Dexter Fletcher directed this movie very well, he’s got a great handle on everything. It goes without saying that Elton John’s music definitely elevates things but it’s not just that it’s Taron performing these songs in concert scenes, they use them in a great way in the movie. It doesn’t rely on recognisable songs to get the audience to like the movie, it actually fits the scenes they appear in very well. The aforementioned fantasy sequences are also shot really well, visually stunning. It’s much more surreal than a typical biopic, and it was definitely a risk but it definitely paid off, there was no other way to do a Elton John biopic justice. When I say this movie is a musical, I’m not just saying that because it has a lot of music. At some points there are choreographed moments where multiple people are singing Elton John songs (not just Taron), that look right out of a classic musical. In that, it’s definitely best that you see this on the big screen because it’s a real experience.

Rocketman does justice to Elton John in such a great way and was way better than I thought it would be. It’s a really entertaining experience of a movie, very well directed and Taron Egerton is tremendous. Even if you were really off put by Bohemian Rhapsody or are just on the whole not a big fan of music biopics, I still think you should give it a chance. If you’re a fan of Elton John, I recommend you checking it out and even if you’re not familiar with him I still think there’s quite a bit in the movie that you’ll like.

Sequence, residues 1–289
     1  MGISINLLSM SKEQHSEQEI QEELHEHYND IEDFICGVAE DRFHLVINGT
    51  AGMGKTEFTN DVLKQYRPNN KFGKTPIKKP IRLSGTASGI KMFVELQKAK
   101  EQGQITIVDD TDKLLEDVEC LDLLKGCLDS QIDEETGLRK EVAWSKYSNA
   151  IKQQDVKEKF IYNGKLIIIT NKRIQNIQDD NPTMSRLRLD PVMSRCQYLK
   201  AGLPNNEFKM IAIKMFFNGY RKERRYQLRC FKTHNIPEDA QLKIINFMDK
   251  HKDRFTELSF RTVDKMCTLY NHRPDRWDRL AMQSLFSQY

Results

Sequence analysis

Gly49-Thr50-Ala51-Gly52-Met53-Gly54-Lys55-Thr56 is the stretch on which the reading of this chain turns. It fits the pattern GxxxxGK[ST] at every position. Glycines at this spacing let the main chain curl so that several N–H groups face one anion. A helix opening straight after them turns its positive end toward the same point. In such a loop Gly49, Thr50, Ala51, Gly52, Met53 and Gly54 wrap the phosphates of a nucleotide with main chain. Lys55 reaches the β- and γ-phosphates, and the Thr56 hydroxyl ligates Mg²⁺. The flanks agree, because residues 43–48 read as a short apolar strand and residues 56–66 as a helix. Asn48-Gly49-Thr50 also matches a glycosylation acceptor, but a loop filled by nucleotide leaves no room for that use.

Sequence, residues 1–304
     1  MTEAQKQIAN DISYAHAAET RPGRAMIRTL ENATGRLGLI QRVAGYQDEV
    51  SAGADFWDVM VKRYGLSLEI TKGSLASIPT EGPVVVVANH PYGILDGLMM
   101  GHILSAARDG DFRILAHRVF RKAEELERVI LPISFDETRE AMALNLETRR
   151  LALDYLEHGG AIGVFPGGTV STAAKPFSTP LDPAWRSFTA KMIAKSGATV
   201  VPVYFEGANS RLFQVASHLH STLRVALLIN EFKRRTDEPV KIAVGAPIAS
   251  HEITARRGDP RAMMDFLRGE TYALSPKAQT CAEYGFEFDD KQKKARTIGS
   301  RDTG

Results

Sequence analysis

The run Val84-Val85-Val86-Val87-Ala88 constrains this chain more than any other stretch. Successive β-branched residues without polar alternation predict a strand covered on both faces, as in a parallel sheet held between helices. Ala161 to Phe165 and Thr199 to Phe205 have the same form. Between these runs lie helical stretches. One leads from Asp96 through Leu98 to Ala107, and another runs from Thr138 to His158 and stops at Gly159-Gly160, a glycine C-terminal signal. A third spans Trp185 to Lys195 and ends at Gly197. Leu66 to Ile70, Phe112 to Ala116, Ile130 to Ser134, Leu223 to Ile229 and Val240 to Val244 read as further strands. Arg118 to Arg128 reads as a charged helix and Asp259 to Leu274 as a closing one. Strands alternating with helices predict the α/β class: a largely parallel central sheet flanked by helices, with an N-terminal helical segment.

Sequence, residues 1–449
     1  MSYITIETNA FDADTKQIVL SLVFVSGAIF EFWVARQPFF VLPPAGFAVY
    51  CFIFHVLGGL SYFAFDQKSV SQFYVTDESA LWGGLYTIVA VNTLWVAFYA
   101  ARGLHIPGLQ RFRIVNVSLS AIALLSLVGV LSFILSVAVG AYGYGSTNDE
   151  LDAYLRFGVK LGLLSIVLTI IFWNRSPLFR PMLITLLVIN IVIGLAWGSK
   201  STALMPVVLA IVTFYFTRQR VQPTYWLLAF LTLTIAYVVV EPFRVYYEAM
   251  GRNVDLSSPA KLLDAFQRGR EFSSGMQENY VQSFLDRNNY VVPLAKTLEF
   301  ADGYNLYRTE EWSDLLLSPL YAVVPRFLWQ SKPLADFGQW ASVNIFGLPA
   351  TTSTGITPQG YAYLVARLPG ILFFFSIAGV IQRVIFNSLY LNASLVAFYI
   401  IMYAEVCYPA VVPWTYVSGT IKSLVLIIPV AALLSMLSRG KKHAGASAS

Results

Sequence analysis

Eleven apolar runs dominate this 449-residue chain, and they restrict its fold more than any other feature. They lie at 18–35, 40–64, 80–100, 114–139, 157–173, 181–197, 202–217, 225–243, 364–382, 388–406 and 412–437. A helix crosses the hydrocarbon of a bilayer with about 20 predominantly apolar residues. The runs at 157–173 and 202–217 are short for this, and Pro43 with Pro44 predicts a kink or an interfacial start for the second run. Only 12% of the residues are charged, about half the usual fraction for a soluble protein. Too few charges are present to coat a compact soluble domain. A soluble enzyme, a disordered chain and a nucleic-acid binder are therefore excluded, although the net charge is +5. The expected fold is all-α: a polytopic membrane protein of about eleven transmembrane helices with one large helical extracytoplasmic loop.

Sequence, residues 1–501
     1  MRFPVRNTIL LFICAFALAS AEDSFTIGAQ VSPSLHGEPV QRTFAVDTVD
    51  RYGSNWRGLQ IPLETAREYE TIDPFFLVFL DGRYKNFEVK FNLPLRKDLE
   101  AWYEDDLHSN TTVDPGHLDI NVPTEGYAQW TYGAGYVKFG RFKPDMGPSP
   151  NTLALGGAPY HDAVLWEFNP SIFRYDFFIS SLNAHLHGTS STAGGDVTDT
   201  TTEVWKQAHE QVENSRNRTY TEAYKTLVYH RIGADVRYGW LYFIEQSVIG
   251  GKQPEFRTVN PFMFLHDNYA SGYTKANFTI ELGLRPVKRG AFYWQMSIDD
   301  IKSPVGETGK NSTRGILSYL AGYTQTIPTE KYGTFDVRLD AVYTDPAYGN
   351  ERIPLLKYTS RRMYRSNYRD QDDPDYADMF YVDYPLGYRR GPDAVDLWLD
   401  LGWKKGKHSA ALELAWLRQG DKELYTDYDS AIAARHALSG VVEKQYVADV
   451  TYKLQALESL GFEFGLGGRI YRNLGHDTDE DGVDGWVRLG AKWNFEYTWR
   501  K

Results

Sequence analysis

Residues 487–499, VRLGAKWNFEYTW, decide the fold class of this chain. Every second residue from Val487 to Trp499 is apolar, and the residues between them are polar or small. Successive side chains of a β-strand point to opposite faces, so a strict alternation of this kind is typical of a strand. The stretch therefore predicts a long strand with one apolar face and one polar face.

Her Smell (2019) Review

Time: 122 Minutes
Cast:
Elisabeth Moss as Becky Something
Amber Heard as Zelda E. Zekiel
Cara Delevingne as Cassie
Dan Stevens as Danny Something
Agyness Deyn as Marielle Hell
Gayle Rankin as Ali van der Wolff
Ashley Benson as Roxie
Eric Stoltz as Howard Goodman
Virginia Madsen as Ania Adamcyzk
Dylan Gelula as Dottie O.Z.
Director: Alex Ross Perry

Becky Something (Elisabeth Moss) is a ’90s punk rock superstar who once filled arenas with her grungy all-female trio Something She. Now she plays smaller venues while grappling with motherhood, exhausted bandmates, nervous record company executives, and a new generation of rising talent eager to usurp her stardom. When Becky’s chaos and excesses derail a recording session and national tour, she finds herself shunned, isolated and alone. Forced to get sober, temper her demons, and reckon with the past, she retreats from the spotlight and tries to recapture the creative inspiration that led her band to success.